Wednesday, May 8, 2013

Cross Examination vs. Extrinsic Evidence

I've written a bit on the blog about impeaching witnesses. In addition to knowing the rules regarding when to impeach a witness (for example, if the witness has committed a felony, made a prior inconsistent statement, etc.), it's also important to know how the witness may be impeached. The two possibilities are by cross examination and extrinsic evidence. (Extrinsic evidence is evidence other than that elicited by cross-examination, such as calling a witness to testify about another witness, or offering a copy of a judgement to prove that a witness has been convicted of a felony.)

Below is a list to help keep the distinctions in mind:

Prior Inconsistent Statements: Cross Examination and extrinsic evidence are allowed (but no extrinsic evidence to prove a prior inconsistent statement if the inconsistent statement is a collateral matter). Note also, that if extrinsic evidence is offered here, the witness (unless it's a hearsay declarant) must at some point be provided the opportunity to explain or deny the inconsistent statement.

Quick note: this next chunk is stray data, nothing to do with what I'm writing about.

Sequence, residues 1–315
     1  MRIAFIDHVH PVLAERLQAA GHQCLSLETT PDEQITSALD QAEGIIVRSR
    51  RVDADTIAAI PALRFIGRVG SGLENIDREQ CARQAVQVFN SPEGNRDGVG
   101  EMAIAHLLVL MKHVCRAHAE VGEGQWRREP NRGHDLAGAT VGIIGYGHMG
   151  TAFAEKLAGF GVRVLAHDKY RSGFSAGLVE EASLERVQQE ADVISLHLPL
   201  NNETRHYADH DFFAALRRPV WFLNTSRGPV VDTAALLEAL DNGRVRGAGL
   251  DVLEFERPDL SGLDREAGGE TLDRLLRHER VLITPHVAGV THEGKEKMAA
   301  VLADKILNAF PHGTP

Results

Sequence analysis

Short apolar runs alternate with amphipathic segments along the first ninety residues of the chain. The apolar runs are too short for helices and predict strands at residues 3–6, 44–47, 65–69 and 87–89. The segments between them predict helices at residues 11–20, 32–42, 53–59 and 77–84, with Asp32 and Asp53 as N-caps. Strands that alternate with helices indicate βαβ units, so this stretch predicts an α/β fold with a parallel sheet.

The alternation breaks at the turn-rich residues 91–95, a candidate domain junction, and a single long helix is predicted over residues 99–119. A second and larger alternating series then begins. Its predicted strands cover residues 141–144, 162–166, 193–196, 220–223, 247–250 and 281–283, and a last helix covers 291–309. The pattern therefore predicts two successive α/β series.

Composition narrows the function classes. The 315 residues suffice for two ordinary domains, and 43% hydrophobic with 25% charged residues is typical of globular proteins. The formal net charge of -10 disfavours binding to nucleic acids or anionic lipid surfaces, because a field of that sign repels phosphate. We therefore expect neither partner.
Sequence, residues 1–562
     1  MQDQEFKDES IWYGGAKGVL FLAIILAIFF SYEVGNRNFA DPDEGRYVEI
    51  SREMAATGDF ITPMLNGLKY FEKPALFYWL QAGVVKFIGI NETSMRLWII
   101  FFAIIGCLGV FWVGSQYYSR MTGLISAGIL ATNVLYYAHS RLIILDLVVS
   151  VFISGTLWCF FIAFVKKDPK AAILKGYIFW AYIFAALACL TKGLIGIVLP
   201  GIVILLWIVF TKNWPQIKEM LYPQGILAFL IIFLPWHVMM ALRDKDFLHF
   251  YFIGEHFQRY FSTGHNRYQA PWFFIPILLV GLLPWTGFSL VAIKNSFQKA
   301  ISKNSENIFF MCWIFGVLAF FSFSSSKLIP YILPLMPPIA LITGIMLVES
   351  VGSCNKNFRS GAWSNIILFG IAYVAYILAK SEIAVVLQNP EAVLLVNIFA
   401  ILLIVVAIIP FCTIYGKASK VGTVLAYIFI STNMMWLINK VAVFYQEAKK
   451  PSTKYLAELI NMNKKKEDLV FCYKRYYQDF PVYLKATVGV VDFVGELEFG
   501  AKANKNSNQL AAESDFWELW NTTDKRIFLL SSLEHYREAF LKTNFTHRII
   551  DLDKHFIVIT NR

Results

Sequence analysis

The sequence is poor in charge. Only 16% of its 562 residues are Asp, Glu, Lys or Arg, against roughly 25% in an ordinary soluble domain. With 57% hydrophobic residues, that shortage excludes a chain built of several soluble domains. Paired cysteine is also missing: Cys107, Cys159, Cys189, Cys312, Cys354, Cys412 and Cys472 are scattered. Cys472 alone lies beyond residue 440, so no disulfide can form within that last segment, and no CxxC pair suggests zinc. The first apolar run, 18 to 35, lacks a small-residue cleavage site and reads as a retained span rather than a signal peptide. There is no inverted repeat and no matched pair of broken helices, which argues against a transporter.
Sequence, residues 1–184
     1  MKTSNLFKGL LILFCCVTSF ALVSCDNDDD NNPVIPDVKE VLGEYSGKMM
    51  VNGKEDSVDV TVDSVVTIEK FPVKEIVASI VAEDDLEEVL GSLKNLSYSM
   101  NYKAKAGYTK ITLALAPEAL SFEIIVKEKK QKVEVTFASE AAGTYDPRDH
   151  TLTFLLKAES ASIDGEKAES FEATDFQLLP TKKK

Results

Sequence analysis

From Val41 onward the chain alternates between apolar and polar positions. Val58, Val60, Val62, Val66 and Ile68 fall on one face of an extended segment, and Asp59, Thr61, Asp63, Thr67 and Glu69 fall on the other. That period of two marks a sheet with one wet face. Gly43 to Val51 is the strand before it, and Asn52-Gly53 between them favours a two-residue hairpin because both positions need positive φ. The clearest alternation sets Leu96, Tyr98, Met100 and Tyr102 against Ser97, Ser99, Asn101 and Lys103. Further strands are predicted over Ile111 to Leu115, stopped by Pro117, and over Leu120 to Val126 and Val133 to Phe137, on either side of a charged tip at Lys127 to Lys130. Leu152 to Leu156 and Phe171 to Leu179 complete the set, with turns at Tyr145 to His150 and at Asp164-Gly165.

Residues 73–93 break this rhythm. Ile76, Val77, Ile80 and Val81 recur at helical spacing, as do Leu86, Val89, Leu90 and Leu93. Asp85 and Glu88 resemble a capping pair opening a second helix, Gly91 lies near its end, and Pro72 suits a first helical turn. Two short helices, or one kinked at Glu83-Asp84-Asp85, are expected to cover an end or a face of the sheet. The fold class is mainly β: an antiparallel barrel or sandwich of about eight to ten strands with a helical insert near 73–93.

Bias: Cross examination and extrinsic evidence are allowed. Before extrinsic evidence is offered, the witness must first be asked on cross examination about the facts showing bias.

Conviction of a Crime: Cross examination and extrinsic evidence (a copy of the judgement) are allowed.

Specific Instances of Misconduct: Cross examination only is allowed.

Opinion or Reputation for Truthfulness: Extrinsic evidence is allowed (calling other witnesses to testify to the reputation or give an opinion about another witness).

Sensory Deficiencies: Cross examination and extrinsic evidence are allowed.

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